Most of the studies and pilot projects were finalized. Five panel discussions were held with civil society groups, heads of donors, and faith-based organizations; Malawi’s participation in three Southern African Development Community (SADC) meetings was financed in order to craft a regional approach to prevention and management of crises; in addition to statistics on food and livelihood, data on livestock and horticultural output were collected to better capture the agricultural sector GDP; meetings of the technical steering committee for field supervision and monitoring were held; a food and nutrition strategy was completed, though only after project closure; and 360 extension workers were trained. In addition, an emergency action plan was produced, disaster teams in all 11 districts were trained as trainers, and flood control structures were constructed.

5. Efficiency:

As is common with emergency recovery assistance, no economic or financial analysis was carried out at the time of appraisal or was attempted in this ICR.
6. M&E Design, Implementation, & Utilization:

An ongoing monitoring and evaluation system was developed by combining elements of a simple tracking system and field visits by the Technical Steering Committee (TSC) which reviewed reports generated by the PCU tracking system. Implementation arrangements of the Public Works Projects (PWP) from component b) was changed to include an NGO better able to monitor income transfer outcomes. According to the Borrower’s ICR, the Ministry of Agriculture, responsible for component c), did not conduct any M&E on the project despite being requested by the PCU to do so.
7. Other (Safeguards, Fiduciary, Unintended Impacts--Positive & Negative):

The appropriate safeguards were reviewed during appraisal and it was concluded that the project would not have a major environmental impact. However, during implementation it became apparent that separate environmental and social screening assessments for road construction involving resettlement had to be filed for the EDRP. This oversight caused a delay of six months in the start-up and implementation of component b).

8. Ratings:
OED Review
Reason for Disagreement/Comments
Institutional Dev.: 
Bank Perf.: 
Borrower Perf.: 
Quality of ICR: 

- When insufficient information is provided by the Bank for OED to arrive at a clear rating, OED will downgrade the relevant ratings as warranted beginning July 1, 2006.
- ICR rating values flagged with ' * ' don't comply with OP/BP 13.55, but are listed for completeness.

9. Lessons:

A conflict exists between the ERL requirement for quick implementation and the incorporation of medium/long-term disaster management objectives.
  • Food crises can be prevented by early interventions. In drought-prone areas, governments and the Bank have to be alert to the first signs that farmers are selling animal herds and consuming seeds and quickly intervene in order to prevent the drought triggering a full-fledged food crisis.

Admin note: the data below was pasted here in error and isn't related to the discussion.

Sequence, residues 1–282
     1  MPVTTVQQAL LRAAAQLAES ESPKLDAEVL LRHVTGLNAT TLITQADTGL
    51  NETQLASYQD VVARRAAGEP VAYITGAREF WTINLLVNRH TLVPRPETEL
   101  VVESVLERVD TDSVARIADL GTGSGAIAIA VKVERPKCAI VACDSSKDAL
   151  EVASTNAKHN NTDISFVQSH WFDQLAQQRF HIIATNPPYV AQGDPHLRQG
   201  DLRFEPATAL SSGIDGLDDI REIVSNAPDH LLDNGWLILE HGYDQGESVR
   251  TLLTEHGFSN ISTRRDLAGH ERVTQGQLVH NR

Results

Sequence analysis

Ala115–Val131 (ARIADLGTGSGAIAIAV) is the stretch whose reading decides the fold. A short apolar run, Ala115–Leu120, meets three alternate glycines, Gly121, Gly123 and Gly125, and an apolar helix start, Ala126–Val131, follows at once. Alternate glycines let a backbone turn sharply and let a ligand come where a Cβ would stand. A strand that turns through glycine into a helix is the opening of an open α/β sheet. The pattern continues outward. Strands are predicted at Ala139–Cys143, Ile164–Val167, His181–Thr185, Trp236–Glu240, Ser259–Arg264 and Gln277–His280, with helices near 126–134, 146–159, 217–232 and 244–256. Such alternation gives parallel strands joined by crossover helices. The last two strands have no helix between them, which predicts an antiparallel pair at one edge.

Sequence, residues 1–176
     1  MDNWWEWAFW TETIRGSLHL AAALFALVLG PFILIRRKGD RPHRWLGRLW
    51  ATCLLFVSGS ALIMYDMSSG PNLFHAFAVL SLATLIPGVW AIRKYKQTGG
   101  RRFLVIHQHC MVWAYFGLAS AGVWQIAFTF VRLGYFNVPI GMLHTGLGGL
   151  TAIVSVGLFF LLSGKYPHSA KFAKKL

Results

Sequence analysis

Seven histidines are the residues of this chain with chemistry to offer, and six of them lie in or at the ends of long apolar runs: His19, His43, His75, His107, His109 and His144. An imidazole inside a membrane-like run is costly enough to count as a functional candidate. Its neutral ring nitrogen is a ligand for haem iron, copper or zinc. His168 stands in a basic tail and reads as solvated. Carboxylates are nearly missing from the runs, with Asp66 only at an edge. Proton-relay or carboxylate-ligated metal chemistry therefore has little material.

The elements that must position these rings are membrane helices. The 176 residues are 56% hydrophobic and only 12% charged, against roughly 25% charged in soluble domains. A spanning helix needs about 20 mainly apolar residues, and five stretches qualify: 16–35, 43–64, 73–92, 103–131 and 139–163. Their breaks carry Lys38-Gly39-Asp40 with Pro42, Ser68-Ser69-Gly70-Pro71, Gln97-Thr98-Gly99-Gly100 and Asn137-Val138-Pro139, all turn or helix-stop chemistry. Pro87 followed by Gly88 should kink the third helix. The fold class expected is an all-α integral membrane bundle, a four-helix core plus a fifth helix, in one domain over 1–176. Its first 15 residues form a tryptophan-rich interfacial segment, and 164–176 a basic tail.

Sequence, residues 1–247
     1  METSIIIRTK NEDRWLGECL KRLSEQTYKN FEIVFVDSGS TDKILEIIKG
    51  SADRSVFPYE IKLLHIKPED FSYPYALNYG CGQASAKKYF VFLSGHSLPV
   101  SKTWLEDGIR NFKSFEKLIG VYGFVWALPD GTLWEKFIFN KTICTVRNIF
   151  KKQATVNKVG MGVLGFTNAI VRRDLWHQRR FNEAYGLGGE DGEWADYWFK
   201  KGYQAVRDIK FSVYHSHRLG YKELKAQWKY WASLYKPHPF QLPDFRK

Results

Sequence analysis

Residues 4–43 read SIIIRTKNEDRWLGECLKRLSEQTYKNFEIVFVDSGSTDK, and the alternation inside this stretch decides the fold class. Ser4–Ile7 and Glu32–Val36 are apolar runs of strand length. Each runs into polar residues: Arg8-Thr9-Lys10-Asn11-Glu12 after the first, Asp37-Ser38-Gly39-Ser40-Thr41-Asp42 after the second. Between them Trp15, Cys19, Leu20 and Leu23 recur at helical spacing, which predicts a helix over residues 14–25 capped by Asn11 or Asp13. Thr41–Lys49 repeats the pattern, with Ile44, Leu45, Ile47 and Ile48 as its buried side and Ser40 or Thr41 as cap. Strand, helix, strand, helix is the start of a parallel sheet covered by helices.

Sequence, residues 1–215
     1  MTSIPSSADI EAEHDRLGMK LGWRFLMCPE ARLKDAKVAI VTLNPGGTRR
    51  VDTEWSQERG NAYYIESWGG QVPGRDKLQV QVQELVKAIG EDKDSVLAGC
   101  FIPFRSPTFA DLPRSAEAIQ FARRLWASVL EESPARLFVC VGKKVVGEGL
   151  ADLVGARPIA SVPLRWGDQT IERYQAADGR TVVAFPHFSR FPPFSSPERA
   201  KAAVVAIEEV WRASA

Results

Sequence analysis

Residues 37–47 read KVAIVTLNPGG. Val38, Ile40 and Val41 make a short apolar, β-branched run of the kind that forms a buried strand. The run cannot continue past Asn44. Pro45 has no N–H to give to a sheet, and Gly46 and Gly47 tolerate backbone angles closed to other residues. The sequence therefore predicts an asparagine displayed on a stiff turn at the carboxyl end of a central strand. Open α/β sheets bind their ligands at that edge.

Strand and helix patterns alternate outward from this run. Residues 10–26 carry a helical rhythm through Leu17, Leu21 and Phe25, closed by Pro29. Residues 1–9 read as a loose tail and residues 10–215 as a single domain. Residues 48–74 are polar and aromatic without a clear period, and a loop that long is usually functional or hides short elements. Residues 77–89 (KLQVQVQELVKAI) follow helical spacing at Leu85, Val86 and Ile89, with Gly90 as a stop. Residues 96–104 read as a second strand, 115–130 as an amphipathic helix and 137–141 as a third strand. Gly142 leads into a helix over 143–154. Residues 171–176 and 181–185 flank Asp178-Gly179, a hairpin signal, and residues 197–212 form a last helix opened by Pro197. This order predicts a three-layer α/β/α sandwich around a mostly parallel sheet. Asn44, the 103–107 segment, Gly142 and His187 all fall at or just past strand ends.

• High staff-turnover may delay project implementation in emergencies. The project was affected by a very high turnover of staff, especially at key strategic and very senior positions. Over its two-year life-span there were five changes of Principal Secretaries in the Ministry of Agriculture and four changes of the Controller for the Planning Department. On the Bank’s side, the project had three task managers, which led to concern about the continuity of supervision and institutional memory of the project.
  • An emergency operation can only be designed on the basis of sound statistics and credible policy. Although the project accorded priority to a sound database, progress putting it in place was slow. At the time of the emergency, critical economic and agricultural data to enable assessment of the crisis and to provide the basis for the design of this project were either lacking or, if available, poor in quality and inconsistent. Moreover, what data was available was widely dispersed among Government and nongovernmental institutions. This situation distracted from optimal planning, and it needs to be speedily resolved to avoid a repeat in the event of another emergency.
  • Especially for emergency relief operations, an efficient monitoring and evaluation system needs to be developed and implemented in a very short time. Developing a blueprint for a simple and standardized system is recommended for ERLs.

10. Assessment Recommended?  Yes

          Why?  This project provides valuable lessons for drought management in Africa and would be helpful to inform the Bank’s experience with emergency recovery assistance.

11. Comments on Quality of ICR:

The quality of the ICR is satisfactory. However, figures under 5.4 Costs and Financing on p. 8 of the ICR, do not match with costs provided in the tables on p. 21 f., and the Borrower’s ICR on p. 41.